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Wild Sky Wilderness

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The United States Congress designated the Wild Sky Wilderness (map) in 2008 and it now has a total of 105,555 acres. All of this wilderness is located in Washington and is managed by the Forest Service. The Wild Sky Wilderness is bordered by the Henry M. Jackson Wilderness to the northeast.


The Wild Sky Wilderness is the newest addition to a 2.6 million acre wilderness complex that straddles the rugged North Cascade Range from Canada to Snoqualmie Pass. The southwestern portion of the wilderness is only 25 miles from Puget Sound and adjacent to the fast growing communities of the Skykomish River Valley. The western part of the wilderness is characterized by very steep slopes and dramatic local relief. For example, from the North Fork Skykomish River near the town of Index, the terrain rises from about 600 feet above sea level to over 6,000 feet, on Gunn Peak, in less than 3 miles. Annual precipitation in this area runs between 150 to 200 inches annually, most of it coming as snow during the wet winter months. Runoff from the rain and snow feed streams that drop into the deep valleys below. This source of clean water is important to salmon which spawn in these reaches and provide exciting spring raft trips on the Skykomish River. Vegetation is dense on the valley walls, composed of Douglas fir, western red cedar and western hemlock at the lower elevations, grading to silver fir and mountain hemlock in the mid elevations to sub alpine parklands in the higher reaches. Timberline in the area is relatively low, between 4,500 and 5,000 feet. The higher peaks such as Merchant, Gunn, and Spire sport permanent ice patches on their north and east slopes. Trails in this part of the wilderness are few and cross-country travel is difficult. East of the Beckler River, and the Straight Creek Fault, the terrain changes dramatically; the local relief is less dramatic, the geology is less chaotic and precipitation less. The ridges are more uniform in elevation and gentle enough to support large meadows. This is trail country! Trails including Meadow Creek, West Cady Creek and Johnson Ridge lead through forest to these flowery meadows. Several trails are open to use by stock animals and wonderful loop trips pass through the Henry M. Jackson Wilderness to the Pacific Crest Trail, and back to Wild Sky. The Evergreen Mountain Lookout is a rental cabin that will continue to operate within the wilderness. At 5,587 feet, it provides a spectacular perch to watch the sunset over the rough peaks of Wild Sky and take in the panoramic view from Glacier Peak to Mt. Rainier. Stands of old growth forest cover portions of the area with large diameter Douglas fir, hemlock and western red cedar. The West Cady Ridge Trail leads through a prime example of these large trees which provide critical habitat for a variety of bird and animal species. Scattered around the new wilderness are forest areas previously roaded and logged. Logging began around 1920 and continued into the early 1990¿s. Signs of past mining exploration are also evident, particularly in the Silver Creek area. Young trees are now healing the scars of these past activities. The area holds about a dozen mountain lakes that attract anglers. Lake Isabel is the largest of these at about 1.5 miles long and 200 feet deep. The historic use of float planes is allowed to continue on the lake.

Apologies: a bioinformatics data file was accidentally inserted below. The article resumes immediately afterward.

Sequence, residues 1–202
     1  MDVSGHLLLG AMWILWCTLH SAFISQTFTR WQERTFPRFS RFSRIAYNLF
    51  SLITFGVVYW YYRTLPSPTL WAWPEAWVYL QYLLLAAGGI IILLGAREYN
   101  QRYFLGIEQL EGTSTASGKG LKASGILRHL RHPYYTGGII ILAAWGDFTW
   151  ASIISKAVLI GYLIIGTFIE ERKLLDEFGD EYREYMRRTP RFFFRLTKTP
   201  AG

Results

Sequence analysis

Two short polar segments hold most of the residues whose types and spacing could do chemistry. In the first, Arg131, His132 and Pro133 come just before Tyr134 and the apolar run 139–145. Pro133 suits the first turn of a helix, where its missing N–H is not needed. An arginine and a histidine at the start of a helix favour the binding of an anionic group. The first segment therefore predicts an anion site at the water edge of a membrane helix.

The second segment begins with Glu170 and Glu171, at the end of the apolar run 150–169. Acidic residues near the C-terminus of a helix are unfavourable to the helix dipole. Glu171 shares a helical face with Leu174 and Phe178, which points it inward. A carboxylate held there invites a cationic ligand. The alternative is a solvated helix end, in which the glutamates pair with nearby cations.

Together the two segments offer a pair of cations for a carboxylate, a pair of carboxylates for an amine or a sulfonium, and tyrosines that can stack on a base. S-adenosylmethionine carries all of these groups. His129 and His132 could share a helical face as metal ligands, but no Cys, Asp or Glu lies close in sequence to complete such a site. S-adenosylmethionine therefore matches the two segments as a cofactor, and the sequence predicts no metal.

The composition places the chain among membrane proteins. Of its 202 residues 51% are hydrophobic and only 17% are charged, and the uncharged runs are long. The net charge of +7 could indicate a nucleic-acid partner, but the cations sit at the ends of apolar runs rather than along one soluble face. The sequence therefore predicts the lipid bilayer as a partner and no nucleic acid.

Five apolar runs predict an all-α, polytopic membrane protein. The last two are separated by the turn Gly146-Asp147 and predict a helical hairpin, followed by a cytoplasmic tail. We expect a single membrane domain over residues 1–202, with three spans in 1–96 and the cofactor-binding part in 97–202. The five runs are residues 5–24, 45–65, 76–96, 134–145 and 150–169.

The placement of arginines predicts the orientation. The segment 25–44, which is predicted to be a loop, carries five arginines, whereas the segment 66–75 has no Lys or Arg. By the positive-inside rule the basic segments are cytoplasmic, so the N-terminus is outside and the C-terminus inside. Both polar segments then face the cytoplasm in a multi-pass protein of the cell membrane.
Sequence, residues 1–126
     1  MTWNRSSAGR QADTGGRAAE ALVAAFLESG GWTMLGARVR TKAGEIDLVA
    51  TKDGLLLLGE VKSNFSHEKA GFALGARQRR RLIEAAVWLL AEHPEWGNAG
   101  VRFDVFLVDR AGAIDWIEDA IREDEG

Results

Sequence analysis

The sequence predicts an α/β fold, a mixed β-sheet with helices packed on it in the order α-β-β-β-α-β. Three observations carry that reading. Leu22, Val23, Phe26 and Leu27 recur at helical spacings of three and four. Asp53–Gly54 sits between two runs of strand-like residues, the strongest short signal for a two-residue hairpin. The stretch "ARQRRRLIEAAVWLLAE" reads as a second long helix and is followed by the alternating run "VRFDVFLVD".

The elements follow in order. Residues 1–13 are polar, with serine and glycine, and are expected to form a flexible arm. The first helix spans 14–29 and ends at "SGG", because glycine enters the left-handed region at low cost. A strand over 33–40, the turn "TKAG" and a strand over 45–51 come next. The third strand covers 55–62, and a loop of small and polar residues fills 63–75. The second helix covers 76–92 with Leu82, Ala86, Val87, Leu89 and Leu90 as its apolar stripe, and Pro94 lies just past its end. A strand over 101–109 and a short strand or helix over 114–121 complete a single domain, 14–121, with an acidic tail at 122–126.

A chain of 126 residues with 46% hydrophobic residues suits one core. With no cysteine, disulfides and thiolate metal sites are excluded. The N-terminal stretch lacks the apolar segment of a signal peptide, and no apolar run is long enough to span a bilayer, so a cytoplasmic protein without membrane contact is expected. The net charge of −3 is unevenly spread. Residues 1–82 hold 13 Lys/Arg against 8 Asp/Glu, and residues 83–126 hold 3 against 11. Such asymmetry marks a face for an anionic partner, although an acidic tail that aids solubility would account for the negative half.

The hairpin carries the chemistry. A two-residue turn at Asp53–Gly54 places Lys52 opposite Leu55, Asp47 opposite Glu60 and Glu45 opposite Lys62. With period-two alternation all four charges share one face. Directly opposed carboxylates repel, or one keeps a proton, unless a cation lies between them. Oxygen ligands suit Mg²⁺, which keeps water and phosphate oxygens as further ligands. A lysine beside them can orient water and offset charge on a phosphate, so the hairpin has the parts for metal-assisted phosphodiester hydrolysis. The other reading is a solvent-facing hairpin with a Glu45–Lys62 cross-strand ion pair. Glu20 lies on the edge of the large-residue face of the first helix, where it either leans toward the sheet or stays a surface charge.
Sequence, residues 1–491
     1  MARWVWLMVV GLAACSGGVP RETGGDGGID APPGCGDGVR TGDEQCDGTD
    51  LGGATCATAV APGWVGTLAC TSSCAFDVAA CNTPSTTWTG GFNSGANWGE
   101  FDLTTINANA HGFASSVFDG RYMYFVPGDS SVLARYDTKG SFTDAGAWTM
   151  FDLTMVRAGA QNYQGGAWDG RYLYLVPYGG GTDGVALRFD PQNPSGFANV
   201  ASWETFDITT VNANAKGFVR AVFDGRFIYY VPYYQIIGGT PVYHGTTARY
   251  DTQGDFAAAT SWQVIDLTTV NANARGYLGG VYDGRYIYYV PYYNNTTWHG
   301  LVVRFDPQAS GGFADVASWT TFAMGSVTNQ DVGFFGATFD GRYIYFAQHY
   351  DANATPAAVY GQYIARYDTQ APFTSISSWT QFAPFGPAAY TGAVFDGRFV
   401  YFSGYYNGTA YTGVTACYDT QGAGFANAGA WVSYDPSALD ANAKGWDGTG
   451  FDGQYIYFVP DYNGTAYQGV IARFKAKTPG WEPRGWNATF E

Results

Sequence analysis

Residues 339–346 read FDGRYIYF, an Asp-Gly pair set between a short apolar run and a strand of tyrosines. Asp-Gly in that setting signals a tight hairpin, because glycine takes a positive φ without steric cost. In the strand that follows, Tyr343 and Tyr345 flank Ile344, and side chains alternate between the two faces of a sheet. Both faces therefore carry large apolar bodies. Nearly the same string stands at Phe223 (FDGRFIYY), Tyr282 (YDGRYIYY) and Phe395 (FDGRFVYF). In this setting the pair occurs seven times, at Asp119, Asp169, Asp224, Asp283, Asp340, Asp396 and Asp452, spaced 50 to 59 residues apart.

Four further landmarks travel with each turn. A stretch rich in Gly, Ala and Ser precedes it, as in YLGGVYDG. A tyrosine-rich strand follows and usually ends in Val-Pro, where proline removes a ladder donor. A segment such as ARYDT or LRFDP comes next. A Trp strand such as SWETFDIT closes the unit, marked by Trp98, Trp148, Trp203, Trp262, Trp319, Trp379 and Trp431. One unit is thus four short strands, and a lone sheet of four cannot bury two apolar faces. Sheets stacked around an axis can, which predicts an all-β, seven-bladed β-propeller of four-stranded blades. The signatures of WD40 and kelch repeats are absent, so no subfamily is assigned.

Planning to Visit the Wild Sky Wilderness?

Leave No Trace

How to follow the seven standard Leave No Trace principles differs in different parts of the country (desert vs. Rocky Mountains). Click on any of the principles listed below to learn more about how they apply in the Wild Sky Wilderness.
  1. Plan Ahead and Prepare
  2. Travel and Camp on Durable Surfaces
  3. Dispose of Waste Properly
  4. Leave What You Find
  5. Minimize Campfire Impacts
  6. Respect Wildlife
  7. Be Considerate of Other Visitors
For more information on Leave No Trace, Visit the Leave No Trace, Inc. website.

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